In response to this letter, provide your validation plan. Include your timeline for performing process performance qualification for your drug products as well as your approach for monitoring batch-to-batch variations on an ongoing basis.
5.      Your firm failed to prepare batch production and control records with complete information relating to the production and control of each batch of drug product produced (21 CFR 211.188).
Your production and control records did not define and document process parameters to ensure that in-process materials and your finished drug products meet quality requirements. For instance, your batch records did not include information such as identity of the equipment, actual (b)(4) time, temperature, filling and packaging operation steps, and yield percentage specifications.
In your response, you stated the batch records were amended to include this information. Your response was inadequate because you did not provide a copy of any of these batch records.
In response to this letter, provide your master production and control records for your drug products to demonstrate that they fully document each significant and validated manufacturing step. Also, submit one executed batch production and control record for your (b)(4) drug product.
CGMP Consultant Recommended
Based upon the nature of the violations we identified at your firm, we strongly recommend engaging a consultant, qualified as set forth in 21 CFR 211.34, to assist your firm in meeting CGMP requirements.
Your use of a consultant does not relieve your firm’s obligation to comply with CGMP. Your firm’s executive management remains responsible for fully resolving all deficiencies and ensuring ongoing CGMP compliance.
Violations cited in this letter are not intended as an all-inclusive list. You are responsible for investigating these violations, for determining the causes, for preventing their recurrence, and for preventing other violations.
Until you correct all violations completely and we confirm your compliance with CGMP, FDA may withhold approval of any new applications or supplements listing your firm as a drug manufacturer.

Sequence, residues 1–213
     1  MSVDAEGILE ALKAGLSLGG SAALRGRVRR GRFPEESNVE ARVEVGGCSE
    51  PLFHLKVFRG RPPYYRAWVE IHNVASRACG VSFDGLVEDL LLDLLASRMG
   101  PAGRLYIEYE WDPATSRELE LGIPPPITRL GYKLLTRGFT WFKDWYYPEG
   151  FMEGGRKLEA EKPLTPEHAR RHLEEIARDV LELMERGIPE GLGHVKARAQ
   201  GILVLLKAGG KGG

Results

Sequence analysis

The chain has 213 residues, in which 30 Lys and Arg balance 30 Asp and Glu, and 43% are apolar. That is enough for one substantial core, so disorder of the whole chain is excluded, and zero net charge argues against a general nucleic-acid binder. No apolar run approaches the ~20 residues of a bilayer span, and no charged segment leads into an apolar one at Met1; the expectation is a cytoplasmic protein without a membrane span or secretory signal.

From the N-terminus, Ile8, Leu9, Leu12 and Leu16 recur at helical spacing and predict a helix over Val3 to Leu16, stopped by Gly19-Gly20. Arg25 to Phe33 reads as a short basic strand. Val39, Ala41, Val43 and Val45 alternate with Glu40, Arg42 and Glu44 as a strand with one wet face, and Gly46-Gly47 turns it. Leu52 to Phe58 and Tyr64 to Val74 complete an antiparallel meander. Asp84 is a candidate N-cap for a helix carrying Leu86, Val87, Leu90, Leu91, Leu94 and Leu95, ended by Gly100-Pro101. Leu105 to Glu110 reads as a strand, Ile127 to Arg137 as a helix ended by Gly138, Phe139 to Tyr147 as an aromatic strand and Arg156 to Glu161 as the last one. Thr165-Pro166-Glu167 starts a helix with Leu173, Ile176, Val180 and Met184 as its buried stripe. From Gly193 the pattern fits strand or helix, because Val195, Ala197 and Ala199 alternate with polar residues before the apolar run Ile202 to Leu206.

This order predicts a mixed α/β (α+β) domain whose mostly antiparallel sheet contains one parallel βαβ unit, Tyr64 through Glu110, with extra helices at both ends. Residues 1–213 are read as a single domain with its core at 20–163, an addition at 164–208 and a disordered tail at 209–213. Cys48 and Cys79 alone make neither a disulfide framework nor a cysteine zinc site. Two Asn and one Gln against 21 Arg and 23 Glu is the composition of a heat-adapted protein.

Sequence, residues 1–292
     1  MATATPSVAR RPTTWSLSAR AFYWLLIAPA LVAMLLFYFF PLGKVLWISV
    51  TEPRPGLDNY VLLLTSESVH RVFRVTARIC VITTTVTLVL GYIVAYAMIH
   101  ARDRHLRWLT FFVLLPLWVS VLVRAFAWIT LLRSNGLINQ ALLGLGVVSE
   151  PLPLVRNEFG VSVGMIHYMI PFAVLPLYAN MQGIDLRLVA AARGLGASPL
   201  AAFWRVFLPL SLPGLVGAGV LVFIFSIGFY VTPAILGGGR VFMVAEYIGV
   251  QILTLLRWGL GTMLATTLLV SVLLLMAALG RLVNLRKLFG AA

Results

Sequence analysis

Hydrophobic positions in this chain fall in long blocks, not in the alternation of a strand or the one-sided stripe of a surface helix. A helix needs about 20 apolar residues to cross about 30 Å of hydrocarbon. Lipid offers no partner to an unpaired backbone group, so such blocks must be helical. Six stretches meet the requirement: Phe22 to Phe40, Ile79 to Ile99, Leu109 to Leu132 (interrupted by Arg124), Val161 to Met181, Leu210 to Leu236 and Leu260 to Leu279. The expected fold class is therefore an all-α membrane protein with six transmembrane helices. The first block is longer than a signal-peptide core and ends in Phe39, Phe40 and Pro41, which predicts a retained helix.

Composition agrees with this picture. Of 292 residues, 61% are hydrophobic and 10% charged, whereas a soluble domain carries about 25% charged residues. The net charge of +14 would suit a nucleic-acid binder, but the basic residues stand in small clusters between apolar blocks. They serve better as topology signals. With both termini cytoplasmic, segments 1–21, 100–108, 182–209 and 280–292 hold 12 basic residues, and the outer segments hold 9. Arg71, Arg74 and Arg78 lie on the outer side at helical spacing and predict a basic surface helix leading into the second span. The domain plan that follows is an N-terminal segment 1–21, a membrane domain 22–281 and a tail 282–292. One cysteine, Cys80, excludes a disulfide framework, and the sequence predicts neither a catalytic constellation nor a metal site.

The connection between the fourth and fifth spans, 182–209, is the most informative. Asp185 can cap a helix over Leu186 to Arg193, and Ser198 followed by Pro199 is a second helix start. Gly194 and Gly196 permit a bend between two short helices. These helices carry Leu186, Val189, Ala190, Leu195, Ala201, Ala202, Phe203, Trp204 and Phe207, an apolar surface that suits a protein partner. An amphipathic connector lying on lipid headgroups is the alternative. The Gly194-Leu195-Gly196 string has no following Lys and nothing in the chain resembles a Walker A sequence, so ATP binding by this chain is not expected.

Failure to correct these violations may also result in FDA refusing admission of articles manufactured at McCallum Manufacturing Ltd., 6A-D, Redbrook Business Park, Withorpe Road, Barnsley, South Yorkshire, into the United States under section 801(a)(3) of the FD&C Act, 21 U.S.C. 381(a)(3). Under the same authority, articles may be subject to refusal of admission, in that the methods and controls used in their manufacture do not appear to conform to CGMP within the meaning of section 501(a)(2)(B) of the FD&C Act, 21 U.S.C. 351(a)(2)(B).
After you receive this letter, respond to this office in writing within 15 working days. Specify what you have done since our inspection to correct your violations and to prevent their recurrence. If you cannot complete corrective actions within 15 working days, state your reasons for delay and your schedule for completion.
Send your electronic reply to CDER-OC-OMQ-Communications@fda.hhs.gov or mail your reply to:
Mr. Lixin (Leo) Xu
Compliance Officer
U.S. Food and Drug Administration
White Oak Building 51, Room 4212
10903 New Hampshire Avenue
Silver Spring, MD 20993
Please identify your response with FEI 3004464535.
Francis Godwin
Acting Director
Office of Manufacturing Quality
Office of Compliance
Center for Drug Evaluation and Research